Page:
Exploring the Brandscape, part 6: Discoveries from the message audit – In the open door of integrated marketing, consistency is key

Posted on Wednesday, April 14th, 2010 by Debbie Schallock under Conclusions, Integrated Marketing, Messaging, Research. Tags: , , , ,

When we align our marketing and communication across all of the units, audiences will better understand the kind of university UNCG is and what they (students, faculty, staff, donors, alumni, friends and community partners) have to gain by being connected to us.

But communicating with consistency is the key that unlocks the door to success, whether it be a successful recruiting trip, a successful grant request, or a successful community partnership.

The Message Subcommittee took a close look at the many kinds of marketing and communication materials we’re sharing with our audiences, studying the use and consistency (or not) of university identity and photography through a campus wide audit. Here is what we found:

  • At the upper level (university, divisional, schools), there is accurate use of the university identity. With regard to photography (visual presence of students, staff, faculty, activities, campus beauty on our marking and communication materials), upper level entities, which are assumed to be funded with budget and resources, were more consistent in their use of these elements. Photography also appeared to be professionally provided.
  • At the secondary level (departments and programs), usage of the identity becomes very mixed and inconsistent from the university level to the school level and down to the departmental/program level. For those units with presumably lower budget and resource allocations (typically secondary level), photography was inconsistent among all of these elements and less professional. (i.e. photos were taken by a staff or faculty member who is not a professional photographer.) In addition, at this level, the use of clip art was prevalent, as were photos of faces only (versus lifestyle and/or full body shots.)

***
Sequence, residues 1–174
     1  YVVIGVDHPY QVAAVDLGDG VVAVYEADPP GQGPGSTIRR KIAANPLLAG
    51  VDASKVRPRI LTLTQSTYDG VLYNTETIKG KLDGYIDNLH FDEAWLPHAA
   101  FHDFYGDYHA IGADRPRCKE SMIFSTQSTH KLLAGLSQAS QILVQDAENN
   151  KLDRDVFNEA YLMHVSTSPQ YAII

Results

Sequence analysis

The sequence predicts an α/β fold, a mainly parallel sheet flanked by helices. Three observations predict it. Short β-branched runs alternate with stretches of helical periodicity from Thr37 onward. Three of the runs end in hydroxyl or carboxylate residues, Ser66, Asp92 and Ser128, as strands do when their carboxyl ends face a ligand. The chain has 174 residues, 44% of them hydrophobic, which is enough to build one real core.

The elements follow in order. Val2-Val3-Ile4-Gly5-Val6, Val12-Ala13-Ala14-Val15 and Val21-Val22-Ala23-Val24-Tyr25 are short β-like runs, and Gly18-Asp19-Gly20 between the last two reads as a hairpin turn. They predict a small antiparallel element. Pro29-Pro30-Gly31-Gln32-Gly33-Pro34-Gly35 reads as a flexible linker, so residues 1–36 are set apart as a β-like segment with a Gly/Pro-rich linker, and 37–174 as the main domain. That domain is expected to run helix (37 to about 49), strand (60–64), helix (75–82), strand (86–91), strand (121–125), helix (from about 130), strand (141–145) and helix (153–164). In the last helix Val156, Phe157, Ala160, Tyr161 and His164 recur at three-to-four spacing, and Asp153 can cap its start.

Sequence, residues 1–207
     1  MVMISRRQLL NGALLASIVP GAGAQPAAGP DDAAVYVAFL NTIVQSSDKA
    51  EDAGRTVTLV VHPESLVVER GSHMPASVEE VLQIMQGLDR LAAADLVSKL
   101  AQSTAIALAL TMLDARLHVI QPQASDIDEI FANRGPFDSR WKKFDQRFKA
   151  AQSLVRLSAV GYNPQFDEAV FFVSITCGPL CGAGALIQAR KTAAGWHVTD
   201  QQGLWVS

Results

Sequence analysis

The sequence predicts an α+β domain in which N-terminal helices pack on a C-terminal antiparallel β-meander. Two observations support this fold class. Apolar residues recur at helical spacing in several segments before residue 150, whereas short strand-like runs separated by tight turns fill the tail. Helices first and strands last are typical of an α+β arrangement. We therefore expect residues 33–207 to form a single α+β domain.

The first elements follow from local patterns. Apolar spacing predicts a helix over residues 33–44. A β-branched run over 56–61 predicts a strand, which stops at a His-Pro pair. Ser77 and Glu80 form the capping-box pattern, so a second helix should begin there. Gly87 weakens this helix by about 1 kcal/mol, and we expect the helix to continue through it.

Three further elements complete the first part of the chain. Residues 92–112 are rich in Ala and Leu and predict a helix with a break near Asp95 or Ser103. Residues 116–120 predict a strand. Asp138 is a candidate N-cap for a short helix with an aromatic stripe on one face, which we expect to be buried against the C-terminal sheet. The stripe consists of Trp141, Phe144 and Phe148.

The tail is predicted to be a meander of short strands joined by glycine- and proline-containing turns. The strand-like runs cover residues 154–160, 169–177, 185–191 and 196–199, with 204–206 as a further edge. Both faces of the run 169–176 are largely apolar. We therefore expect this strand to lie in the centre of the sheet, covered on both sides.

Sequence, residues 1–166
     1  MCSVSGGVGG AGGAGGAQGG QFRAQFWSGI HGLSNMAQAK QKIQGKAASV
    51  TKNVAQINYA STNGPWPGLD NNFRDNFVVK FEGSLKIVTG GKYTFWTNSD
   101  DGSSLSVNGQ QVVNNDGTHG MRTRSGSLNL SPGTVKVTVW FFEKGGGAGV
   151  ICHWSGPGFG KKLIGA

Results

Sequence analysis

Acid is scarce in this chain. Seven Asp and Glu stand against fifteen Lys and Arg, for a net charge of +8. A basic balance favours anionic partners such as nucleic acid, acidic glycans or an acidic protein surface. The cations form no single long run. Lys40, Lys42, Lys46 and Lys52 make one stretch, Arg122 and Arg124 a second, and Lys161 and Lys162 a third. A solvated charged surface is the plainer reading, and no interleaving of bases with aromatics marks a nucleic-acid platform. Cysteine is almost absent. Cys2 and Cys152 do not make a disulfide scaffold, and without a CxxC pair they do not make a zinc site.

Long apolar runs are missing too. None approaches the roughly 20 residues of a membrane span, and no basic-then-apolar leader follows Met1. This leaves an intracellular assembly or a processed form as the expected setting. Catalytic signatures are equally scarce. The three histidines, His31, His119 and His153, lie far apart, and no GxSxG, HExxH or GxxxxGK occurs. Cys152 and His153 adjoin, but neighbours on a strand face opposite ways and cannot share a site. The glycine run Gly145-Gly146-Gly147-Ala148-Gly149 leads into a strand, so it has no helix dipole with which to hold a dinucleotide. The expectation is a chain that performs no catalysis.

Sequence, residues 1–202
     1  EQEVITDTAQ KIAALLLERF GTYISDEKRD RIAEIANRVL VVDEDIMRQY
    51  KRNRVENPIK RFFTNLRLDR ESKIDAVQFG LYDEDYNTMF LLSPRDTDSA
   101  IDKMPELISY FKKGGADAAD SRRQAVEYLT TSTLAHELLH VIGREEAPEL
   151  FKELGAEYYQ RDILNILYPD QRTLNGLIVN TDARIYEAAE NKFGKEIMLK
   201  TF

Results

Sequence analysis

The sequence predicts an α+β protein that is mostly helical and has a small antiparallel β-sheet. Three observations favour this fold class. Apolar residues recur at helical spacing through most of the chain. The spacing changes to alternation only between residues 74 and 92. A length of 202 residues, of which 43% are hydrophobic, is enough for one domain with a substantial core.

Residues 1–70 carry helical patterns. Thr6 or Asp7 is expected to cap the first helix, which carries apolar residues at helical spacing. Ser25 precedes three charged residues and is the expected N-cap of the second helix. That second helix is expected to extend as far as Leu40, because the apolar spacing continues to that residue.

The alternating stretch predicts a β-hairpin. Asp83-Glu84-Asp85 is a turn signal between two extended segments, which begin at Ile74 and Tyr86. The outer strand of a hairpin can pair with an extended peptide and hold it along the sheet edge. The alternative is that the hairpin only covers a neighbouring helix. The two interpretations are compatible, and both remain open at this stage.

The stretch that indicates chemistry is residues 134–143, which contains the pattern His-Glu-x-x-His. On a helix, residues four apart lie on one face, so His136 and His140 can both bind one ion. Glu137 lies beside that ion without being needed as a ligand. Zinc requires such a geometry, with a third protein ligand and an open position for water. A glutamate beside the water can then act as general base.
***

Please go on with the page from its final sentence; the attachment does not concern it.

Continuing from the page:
• Internal communications within the university had very little consistency. From this, we assumed that the importance and value of branding association is not seen as critical when speaking to our own internal audiences because they are already knowledgeable about UNCG. Where familiarity with the university existed, standards and consistency were missing.

Like the research and competitive audits, the message audit proved to be an important piece of IMSC work. This is especially true as we position ourselves to communicate more consistently to our internal and external audiences and help university units understand and utilize the strategic marketing and communication resources that will come in the near future.

By Lise Keller

Lise Keller is director of admissions